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Effective Community Engagement

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Many successful community gardeners will say “gardening is the easy part;” it is the effective engagement and inclusion of community partners that can be easily overlooked. However, this is one of the most important pieces of any community project.

The following six videos were developed for the Seed to Supper project in New York State. However, they can be applied to any garden project that engages community. Each video has several corresponding reflective questions. The questions are designed to foster dialogue; feel free to focus on one, or all, or even come up with some of your own.


Introduction Reflective Questions

  • Why might it not be wise to ‘persuade’ people to garden?
  • Bobby offers an example of working with aging gardeners. What are examples of other groups and the community specific needs they might have? How would you find out?
  • How will you learn what roles community members will be interested in pursuing?
  • Bobby acknowledges starting small. What are the most important pieces to put into place initially? What can wait till the program grows?

Chapter 1: Getting Started with Healthy “Soil”

Chapter #1 Reflective Questions

  • Bobby talks about the healthy ‘soil’ that is more than gardening – that is community. Regarding Parker Palmer’s Habits of the Heart, when do you feel most aware of your interconnection to or interdependence with other people? When do you feel most disconnected?
  • Reflect back on one of your first experiences when you realized that someone considered you to be “the other.” What was that like?
  • Describe a time you experienced someone else as “other” in a way that was uncomfortable for you. What made it uncomfortable? What did you do in that situation? What did you decide or assume about yourself, others, or life in general (maybe subconsciously) from that experience?
  • Describe a time you made a positive connection with someone you had previously experienced as “other?” What did you do in that situation? What allowed you to make that connection in that situation?
  • Describe a time in your life when you spoke out—either in speech, writing, or action—and saw the power of your own agency. When have you witnessed it in others?

Chapter 2: Planning Your Garden with Community

Chapter #2 Reflective Questions

  • Bobby talked about how everyone doesn’t learn the same way. Reflect on some different ways in which you and others you know learn. What works best for you and others? When do you, or others you know, turn off to learning, and what contributes to that?
  • How might you come to know what foods are the ideal choices to raise in the garden in your community?
  • Bobby highlights one way that a garden uses a bulletin board to post important plans, events, and so forth. What organizational approaches will you engage people in creating and using?

Chapter 3: Embedding the Garden into the Fabric of the Community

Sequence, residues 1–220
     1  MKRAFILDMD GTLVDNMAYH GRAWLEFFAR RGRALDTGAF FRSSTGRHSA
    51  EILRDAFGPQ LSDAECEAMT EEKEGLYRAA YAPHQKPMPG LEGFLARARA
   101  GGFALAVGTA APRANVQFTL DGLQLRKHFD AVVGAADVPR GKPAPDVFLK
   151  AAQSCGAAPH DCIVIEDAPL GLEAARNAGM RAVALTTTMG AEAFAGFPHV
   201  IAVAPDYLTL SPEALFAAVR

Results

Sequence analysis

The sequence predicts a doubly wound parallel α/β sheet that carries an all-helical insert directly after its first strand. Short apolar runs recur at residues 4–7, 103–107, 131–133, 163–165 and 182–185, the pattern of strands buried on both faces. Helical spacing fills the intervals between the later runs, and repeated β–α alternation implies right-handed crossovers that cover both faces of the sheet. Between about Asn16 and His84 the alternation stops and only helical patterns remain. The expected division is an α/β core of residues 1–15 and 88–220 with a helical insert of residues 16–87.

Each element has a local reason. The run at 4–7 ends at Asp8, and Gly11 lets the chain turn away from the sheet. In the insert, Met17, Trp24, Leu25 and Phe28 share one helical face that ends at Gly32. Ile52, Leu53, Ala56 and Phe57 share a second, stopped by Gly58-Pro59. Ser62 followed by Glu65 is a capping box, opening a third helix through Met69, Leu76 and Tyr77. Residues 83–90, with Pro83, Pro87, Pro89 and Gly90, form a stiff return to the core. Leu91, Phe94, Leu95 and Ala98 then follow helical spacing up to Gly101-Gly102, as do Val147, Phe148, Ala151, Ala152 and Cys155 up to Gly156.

Chapter #3 Reflective Questions

  • How will you “seed” your approach, what overarching themes will this garden rest on, such as a healing place, as Lucienne addresses?
  • How as a facilitator can you “seed” your approach with the power of diversity? Who needs to be invited to the table?
  • How can you foster a strong sense of belonging in the project?
  • How can you cultivate a space in which people are eager to learn from one another, including the voices of young people and the aging?
  • Parker Palmer talks about the wisdom of holding tension in a healthy way. Describe a challenge that you see that seems to bring up a lot of tension for your or others in your community.   What are some successful and healthy ways you’ve seen people deal with that tension? Without naming people or the specifics of any situation, what have you observed people doing that doesn’t seem to work as well?

Chapter 4: Caring for Your Garden and the Power of Food in Our Lives

Chapter #4 Reflective Questions

Bobby talks about the power of food in our lives – that people associate food with their lives. He names how this is embedded into the larger conversation about social justice and food justice, which isn’t only about access to food, but also include those foods that may be associated with a cultural preference.

  • How might you learn about food needs and desires in your community?
  • What are some ways of telling stories related to food that touch the hearts of people involved in Seed to Supper and illuminate the power of food in our lives?
  • How does your community view the food that they both need and want?

Chapter 5: Harvest, a Time for Celebration of the Fruits of Our Labor

Chapter #5 Reflective Questions

  • Bobby names this as a time for celebration, truth telling and reflection. What went well, what went awry and what have we learned? Looking ahead, what specific steps will you engage in, to foster an atmosphere for safe truth telling?
  • Bobby said that you may have come in “as a stranger….even as an imposter.” What is your response to this?
  • What is a plan for connecting the growth of the garden to the growth of the community? What telling things might you look for?


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